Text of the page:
Taxes on other country bonds


Starting with the fact that I live in Switzerland for a little more than a year, I managed to collect a lot of CHF, which I would like to start investing in ETFs, I got acquainted with the article : ‘Swiss tax guide for investors in EFTs’ for which I thank you very much although it is still quite complicated for me because my QST tax is collected every month by the employer as I have a permit B. So I have no idea how it can be recovered after QST. Does it only work for people who pay each year?

The second thing is that I plan to buy bonds in Poland (as I come from), because I have some money in the local currency and in order not to lose money on currency conversion, I decided to buy safe bonds. And in Poland it is quite simple as there is a tax on capital gains is 19%. Now my tax residence has changed and I have no idea how it will be settled or whether it makes sense.

I would be grateful for any clarification.

Well, think again.

Given how inexpensively you can change currencies, that’s not a good reason to buy PLN bonds.

You are going to be taxed on the higher PLN interest rate (and interest income) versus the lower rate and income in CHF. If you believe PLN will appreciate against CHF (which, historically, it hasn’t very long or often) or depreciate less than the interest rate differential suggests, that may be a good idea and motive to buy and hold such bonds. Also, if you have to have a certain amount in PLN at a certain point in time, e.g. to pay back a debt or buy a house. But saving on currency conversion IMO is not.

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You still have time to open 3a account and pay in, if you haven’t done that for this year.

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If your wealth is above some threshold (70k?) or you earn more salary than 120k or you have more non salary income than Xk (forgot number), you still have to fill your taxes (might have to ask tax authorities for that.

And even if you don’t fulfill that you can also ask (eg because you want to deduct things).

Yes, I did not write that I am talking about double currency exchange, because my main goal is to get out with money from bonds or ETFs (at the appropriate amount) and to buy real estates in Poland.

I don’t earn >120k and I read that re-calculating QST tax and deducting payments on 3a may not be profitable in most cases.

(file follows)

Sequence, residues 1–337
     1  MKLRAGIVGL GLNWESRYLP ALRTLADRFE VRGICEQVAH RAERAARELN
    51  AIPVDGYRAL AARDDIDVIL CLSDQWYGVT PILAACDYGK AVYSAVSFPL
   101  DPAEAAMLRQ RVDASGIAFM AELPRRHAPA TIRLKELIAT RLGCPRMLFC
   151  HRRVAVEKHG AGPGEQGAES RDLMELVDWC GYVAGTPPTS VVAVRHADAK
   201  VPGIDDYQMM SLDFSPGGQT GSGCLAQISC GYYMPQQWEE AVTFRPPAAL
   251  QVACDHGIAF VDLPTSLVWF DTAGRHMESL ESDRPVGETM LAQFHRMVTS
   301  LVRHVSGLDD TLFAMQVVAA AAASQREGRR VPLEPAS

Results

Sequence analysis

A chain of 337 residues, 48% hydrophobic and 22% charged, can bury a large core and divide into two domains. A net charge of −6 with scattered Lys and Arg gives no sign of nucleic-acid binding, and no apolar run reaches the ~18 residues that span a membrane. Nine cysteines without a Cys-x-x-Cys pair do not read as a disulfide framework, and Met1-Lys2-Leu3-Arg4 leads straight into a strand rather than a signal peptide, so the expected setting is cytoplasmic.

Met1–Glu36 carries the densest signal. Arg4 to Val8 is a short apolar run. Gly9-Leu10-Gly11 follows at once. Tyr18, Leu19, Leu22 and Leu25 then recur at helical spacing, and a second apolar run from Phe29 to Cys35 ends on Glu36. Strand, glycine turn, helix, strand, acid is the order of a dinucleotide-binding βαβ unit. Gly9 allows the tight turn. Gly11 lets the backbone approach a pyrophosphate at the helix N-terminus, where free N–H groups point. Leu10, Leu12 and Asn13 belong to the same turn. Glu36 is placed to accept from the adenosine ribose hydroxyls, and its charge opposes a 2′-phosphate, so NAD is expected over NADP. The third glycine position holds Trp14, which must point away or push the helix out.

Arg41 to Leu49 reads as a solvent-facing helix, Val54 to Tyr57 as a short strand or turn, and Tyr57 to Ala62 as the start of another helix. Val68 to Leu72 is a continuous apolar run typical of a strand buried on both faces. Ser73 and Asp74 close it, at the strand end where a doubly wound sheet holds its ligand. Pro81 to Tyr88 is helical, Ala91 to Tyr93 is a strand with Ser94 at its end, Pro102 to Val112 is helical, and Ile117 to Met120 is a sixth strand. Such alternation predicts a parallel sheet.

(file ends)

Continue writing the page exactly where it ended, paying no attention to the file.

These things are very dependent on local taxes etc. You should run numbers for your situation anyway.

Another variable that is missing in your story is how long are you planning/able to stay in Switzerland.

Are there any calculators that can help me calculate/simulate this? I’m 27 years old and I don’t plan to move out of Switzerland for sure to retire, I don’t know what will be after that.

Have you already seen this thread? Capital gains in Poland - Swiss tax residency

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And in Poland it is quite simple as there is a tax on capital gains is 19%. Now my tax residence has changed and I have no idea how it will be settled or whether it makes sense.

Whether buying Polish government bonds is a good idea or not, is separate topic, including your future plans (you mentioned real estate in Poland) etc, but if you ask about taxes then:

  1. Yes, you will be paying still by default 19% Polish tax on interest rates.
  2. Till some amount of such income from dividends (and till your total income does not reach 120k), you do not need to fill Swiss tax return, thus it will not be taxed in Switzerland.
  3. You can provide to Polish institution (the broker of your government bonds: PKO or Pekao) the Swiss tax residency certificate, which you can get for free from cantonal tax office. The broker might ask for certified translation to Polish (see the other thread mentioned by jay, PKO BP BM accepts English one). Then you will pay 5% in Poland and this income will be reported to Swiss tax authorities. I think in such case you should fill a Swiss tax return, but who actually knows… if the amount is small maybe Swiss won’t care? This is getting tricky and too close to actual tax advice. If you ever fill Swiss tax return, then obviously you would need to declare that income thus pay Swiss tax on it (minus 5% Polish tax credit).

Doesn‘t have to be income from dividends only - could also other income (self-employed job, even if part-time, etc.). Also, wealth (e.g. 80’000 in Zurich) may alone trigger the requirement to complete a tax return, even in the absence of income derived from it.

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